This Category In E-Commerce Can Fuel India's Journey To $1 Trillion In Exports By 2030

Tirumala Venkatesh

Mar 16, 2024, 06:00 AM | Updated Mar 18, 2024, 12:58 PM IST

E-commerce to drive growth. (Representative image)
E-commerce to drive growth. (Representative image)
  • E-commerce exports can overcome traditional barriers, driving towards the $1 trillion goods export goal by 2030.
  • India has set a goal of reaching $2 trillion in exports by 2030 — $1 trillion of this amount from exporting goods/merchandise and $1 trillion from services exports.

    This target was announced on the back of a record $776 billion of total exports achieved during financial year 2023 (FY23) — out of which $451 billion came through export of goods and $325 billion through services.

    This FY24, though, because of global challenges, the combined exports in goods and services during April-January 2024 have remained stagnant at around $640 billion, and it’s expected that the total exports would remain in the same ballpark. The target for 2030 therefore has become stiffer.

    How would India achieve $1 trillion in goods exports?

    One part of the solution is to strengthen the manufacturing ecosystem, which is happening because of the phenomenon we termed ‘Akamaisation’ — shifting of global value chains into India due to geopolitical compulsions and stricter domestic quality requirements, supply chain optimisation, and opportunities provided by India.

    However, the more profound and pertinent solution towards $1 trillion of goods exports by 2030 will be based on what Prime Minister Narendra Modi stated during his 2019 Independence day speech:

    “Each district of our country has a potential equal to that of one country, each of our districts has the capacity equal to a small country in the world.  Why should each district not think of becoming an export hub? Each of our districts has a diverse identity and potential for global market.”

    To appreciate the profound significance of the statement, it's essential to delve into specific data points. The first data point of interest focuses on the cumulative value of exports from the districts.

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    According to the data for FY April 2022-March 2023, 10 per cent of our districts account for over 80 per cent of our exports. There are around 100 districts that do not export. Even among those that do, there are over 350 districts that together make up less than 1 per cent of total exports.

    This is where the importance of Prime Minister’s statement comes into picture. Unless most districts perform, we will not be able to ramp up exports meaningfully and inclusively. And not all these districts can become an automobile hub or host an electronics hardware park.

    Therefore, one needs to look beyond the traditional export products, and stretch the existing export ecosystem framework to include products that are not exported in the current ecosystem. This has started happening through cross-border e-commerce exports where goods are being sold online, using digital medium, directly to consumers and businesses abroad.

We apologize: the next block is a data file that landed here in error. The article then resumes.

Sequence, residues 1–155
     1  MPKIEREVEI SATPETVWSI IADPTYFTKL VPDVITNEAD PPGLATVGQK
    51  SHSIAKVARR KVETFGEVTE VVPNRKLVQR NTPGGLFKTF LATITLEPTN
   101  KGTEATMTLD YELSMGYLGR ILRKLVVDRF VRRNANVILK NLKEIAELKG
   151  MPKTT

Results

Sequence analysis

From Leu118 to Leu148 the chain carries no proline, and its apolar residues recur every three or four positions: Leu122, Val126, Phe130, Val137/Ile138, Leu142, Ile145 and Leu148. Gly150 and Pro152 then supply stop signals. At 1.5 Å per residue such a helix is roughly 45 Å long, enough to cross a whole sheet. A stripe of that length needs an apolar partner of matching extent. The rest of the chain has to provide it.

Central to our discussion is what we may term the ‘Box of Opportunity’ — a domain ripe for the growth of micro, small and medium enterprises (MSMEs), skilled artisans, and the vibrant sectors of handicrafts and handlooms, particularly within rural India.

    This realm stands to gain immensely from the global export market, provided the right catalysts are in place. E-commerce exports represent one such pivotal catalyst, but which sectors stand to benefit most from this digital gateway, and to what extent?

    To answer this, we need to delve into the Harmonised System (HS) of trade classification, which categorises goods into 99 chapters at the two-digit level. The initial chapters, 01 to 24, encompass primary agricultural products and their processed derivatives.

    In contrast, chapters towards later parts from 80 onwards cater to fields like engineering, automobiles, and electronics — sectors traditionally linked with significant capital investment and global value chains, including mobile phones, electronics, automobiles, and aircraft.

    Among the chapters, we can broadly identify sectors inherently suitable for MSMEs — such as toys, textiles, leather, food products, wood and glassware, brass and metal ware, handicrafts, and handlooms, ayurvedic medicines and preparation, among others.

    These areas, characterised by their potential for artisanal and small-scale production, are particularly poised for leveraging e-commerce for global outreach, when compared against heavy industries (petroleum, chemicals or steel) or sectors falling under global value chains (electronics, large consumer appliances). This brings us to the second data point.

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    In the visual depicted above, the most extensively traded commodities are positioned towards the right, with the bubble's size reflecting the export value of each item from India during FY23.